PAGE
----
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Hacked! Slaves to technology, tech companies and their “enemies”

My computer was hacked apparently due to no fault of my own and my only realistic youve-been-hackedoption was to send it for recycling.

You need technology for your work. Technology messes up your work. You have to spend your hard-earned money to buy new technology that you didn’t want to buy; money you would have rather saved or used for something else. And the cycle goes on and on and on. We’ve been turned into slaves of technology, the companies that produce it, and the hackers that often control it.

It’s been difficult coming to terms with it all. I’m not very tech savvy, but I know enough not to respond to e-mails from Nigerian princes or acquaintances saying they are traveling and lost all their money. I know not to click on suspicious links. I know how to recognize a suspicious link or a suspicious-looking e-mail address. Often, if a friend, a real one, sends me a link in my Facebook inbox without an introduction, I’ll suspect that maybe that friend’s account has been hacked. Before clicking on the link I’ll ask them to prove to me that they really are that friend.

So when my Macbook shut down and I restarted it only to get a screen asking for an activation code that I did not have, telling me to e-mail an Apple-looking e-mail address that clearly wasn’t Apple’s, my first terrified thought was: BUT I DIDN’T DO ANYTHING!  (more…)

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The Ramadan Workout Final Report

For all intents and purposes, my Ramadan this year is over. That means I can sit back

Swimming-clip-art-vector-swimming-graphics-clipartbold-clipartix-2

Because this is how I THINK I look while swimming in open water.

and reflect on what was a relatively intense training schedule while fasting this year.

Ramadan officially ends near the end of this coming week. But women don’t fast when they get their periods. There are other exceptions as well: those who are too ill don’t fast, and travelers don’t have to either. I feel fortunate to be a pre-menopausal woman. Sadly, that can’t last for much longer.

I’ve been exercising during Ramadan for a few years now. Every year I’ve pushed it just a little bit more than the previous year. The gradual progression has helped me understand my limits; or rather figure out just how far I can actually go.

This year was a particularly challenging year because I have a couple of important (to me) long distance events that require lots of training. I just couldn’t afford to pull back on the training too much for a significant amount of time. But I did need to pull it back enough to make sure I didn’t hurt or deplete myself. (more…)

Peeling faces

Several years ago, I was in such a bad place that, for a few moments of time, I considered suicide.

In those moments, I truly thought that death was my only way out.

I am so grateful that someone inside me allowed those moments to pass.

It took me a few years to get myself out of that bad place. Things got worse before they ever got better. But I’m glad I let that moment go.

And in a way, I appreciate that I had that moment. (more…)

Male misbehavior, self-blame and cultural boundaries: A glimpse into a woman’s mind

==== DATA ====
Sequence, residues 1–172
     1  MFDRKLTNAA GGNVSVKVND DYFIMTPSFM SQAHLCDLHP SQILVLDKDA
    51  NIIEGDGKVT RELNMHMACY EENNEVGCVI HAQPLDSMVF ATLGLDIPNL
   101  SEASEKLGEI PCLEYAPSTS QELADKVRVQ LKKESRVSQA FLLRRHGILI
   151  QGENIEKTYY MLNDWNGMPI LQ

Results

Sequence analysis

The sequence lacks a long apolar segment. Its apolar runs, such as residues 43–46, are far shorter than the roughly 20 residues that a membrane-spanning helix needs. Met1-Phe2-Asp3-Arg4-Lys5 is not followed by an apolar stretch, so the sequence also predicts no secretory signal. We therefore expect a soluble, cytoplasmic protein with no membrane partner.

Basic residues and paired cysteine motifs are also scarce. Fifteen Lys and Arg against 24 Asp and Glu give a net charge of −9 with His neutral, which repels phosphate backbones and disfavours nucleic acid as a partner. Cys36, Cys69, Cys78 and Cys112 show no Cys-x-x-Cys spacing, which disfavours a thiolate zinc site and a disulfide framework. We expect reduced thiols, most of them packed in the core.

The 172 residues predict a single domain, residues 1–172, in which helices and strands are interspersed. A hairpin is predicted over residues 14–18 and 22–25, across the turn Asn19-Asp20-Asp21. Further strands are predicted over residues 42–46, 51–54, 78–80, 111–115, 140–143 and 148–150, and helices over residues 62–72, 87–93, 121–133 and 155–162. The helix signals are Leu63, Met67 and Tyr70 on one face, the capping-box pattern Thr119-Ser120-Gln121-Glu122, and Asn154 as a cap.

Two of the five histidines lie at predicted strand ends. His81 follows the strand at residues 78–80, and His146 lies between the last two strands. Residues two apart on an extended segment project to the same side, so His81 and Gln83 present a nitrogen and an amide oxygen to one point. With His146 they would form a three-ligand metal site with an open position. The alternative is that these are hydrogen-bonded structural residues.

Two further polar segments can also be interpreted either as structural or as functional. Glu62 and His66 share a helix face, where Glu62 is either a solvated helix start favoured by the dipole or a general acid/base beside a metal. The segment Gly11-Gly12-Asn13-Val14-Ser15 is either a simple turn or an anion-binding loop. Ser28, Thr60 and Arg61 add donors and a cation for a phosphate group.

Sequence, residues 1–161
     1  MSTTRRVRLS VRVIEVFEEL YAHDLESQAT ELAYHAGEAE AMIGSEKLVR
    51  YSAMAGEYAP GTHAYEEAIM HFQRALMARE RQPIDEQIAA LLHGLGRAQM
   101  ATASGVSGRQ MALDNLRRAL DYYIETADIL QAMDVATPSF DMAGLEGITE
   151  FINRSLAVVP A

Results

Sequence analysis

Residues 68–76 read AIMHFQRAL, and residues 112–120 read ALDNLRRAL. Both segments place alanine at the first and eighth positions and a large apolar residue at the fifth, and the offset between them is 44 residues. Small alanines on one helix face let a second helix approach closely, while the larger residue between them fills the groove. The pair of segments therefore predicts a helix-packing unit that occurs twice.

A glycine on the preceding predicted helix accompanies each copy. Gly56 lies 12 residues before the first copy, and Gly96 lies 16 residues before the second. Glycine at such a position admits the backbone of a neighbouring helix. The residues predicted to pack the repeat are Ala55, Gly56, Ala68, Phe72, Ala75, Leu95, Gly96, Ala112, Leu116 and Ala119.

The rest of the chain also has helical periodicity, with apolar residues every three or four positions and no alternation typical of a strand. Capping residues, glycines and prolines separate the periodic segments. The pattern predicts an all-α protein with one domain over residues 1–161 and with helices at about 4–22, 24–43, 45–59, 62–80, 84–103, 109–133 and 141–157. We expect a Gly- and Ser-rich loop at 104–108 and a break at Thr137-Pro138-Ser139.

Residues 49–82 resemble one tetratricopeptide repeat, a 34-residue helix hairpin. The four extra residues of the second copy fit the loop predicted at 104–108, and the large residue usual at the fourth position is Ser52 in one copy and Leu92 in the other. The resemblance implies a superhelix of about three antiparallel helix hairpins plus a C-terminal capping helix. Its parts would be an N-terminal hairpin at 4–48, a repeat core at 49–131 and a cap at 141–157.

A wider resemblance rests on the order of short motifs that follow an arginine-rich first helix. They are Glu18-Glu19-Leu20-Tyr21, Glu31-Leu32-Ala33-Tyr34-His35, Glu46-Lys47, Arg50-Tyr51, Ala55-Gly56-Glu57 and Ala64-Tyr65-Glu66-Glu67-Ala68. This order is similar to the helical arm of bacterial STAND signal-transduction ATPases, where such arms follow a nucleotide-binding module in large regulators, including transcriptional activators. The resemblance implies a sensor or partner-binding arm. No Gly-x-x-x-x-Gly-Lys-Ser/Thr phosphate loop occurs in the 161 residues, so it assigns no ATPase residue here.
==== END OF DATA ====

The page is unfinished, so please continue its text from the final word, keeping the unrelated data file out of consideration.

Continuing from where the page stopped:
I’m one of those women! I repeated to myself incredulously.

For weeks on end, I had allowed a man to do something to me he shouldn’t have been doing, all while I blamed myself.

Had one of my daughters told me the same story, I would have picked up on it immediately. If it had happened in Egypt, I would have immediately turned into a full-blown monster.

Why had it taken me so long to realize what was actually happening?

I had a brief glimpse into the mind of abused women without having an experience nearly as horrific. It has caused me intense distress, however.

Part of me still thinks it’s a petty thing. And that gets me even angrier with myself. (more…)

Training me…and me

“WHY DO YOU KEEP DOING THIS TO MEEEEEE?” yelled the complainer, thrashing her arms and pounding her legs on the ground. “I’M SICK AND TIRED OF IT ALLLLL!” Had there been others, she’d have made quite a public scene. Fortunately, as always, they were alone.

“You know very well why I keep doing this. Now, when you’re done throwing your little tantrum, you will get up, put on your running clothes, do your warm-up drills, and get out there and run,” said the wiser one, very matter-of-factly.

Sometimes the wiser one makes the complainer go swimming at 6:30 in the morning. Other times she makes her go cycling in pelting, freezing rain. She’s a relentless slave driver. Just as the complainer never gives up on her whining.

My training is probably more of a head battle than anything else. (more…)

Guest Post: Myelofibrosis and Willing to Live

“Diseases are only rare until you know someone with that disease” – Amy Dockser Marcus Myelofibrosis_MF_awareness_badge

I first read this some eight years ago in an article in The Wall Street Journal, but I only understood what it meant when I suddenly found my life turned upside down.

Six months ago, I was diagnosed with myelofibrosis – a rare type of blood cancer where the bone marrow cells, which are responsible for producing the different cells of the blood, die off and are replaced by fibrous tissue.

These fibers disrupt the body’s normal production of red blood cells (which carry oxygen to all organs of the body); white blood cells (which protect the body against invading diseases); and platelets (which help the body form clots when we are injured to stop bleeding and allow our bodies to heal).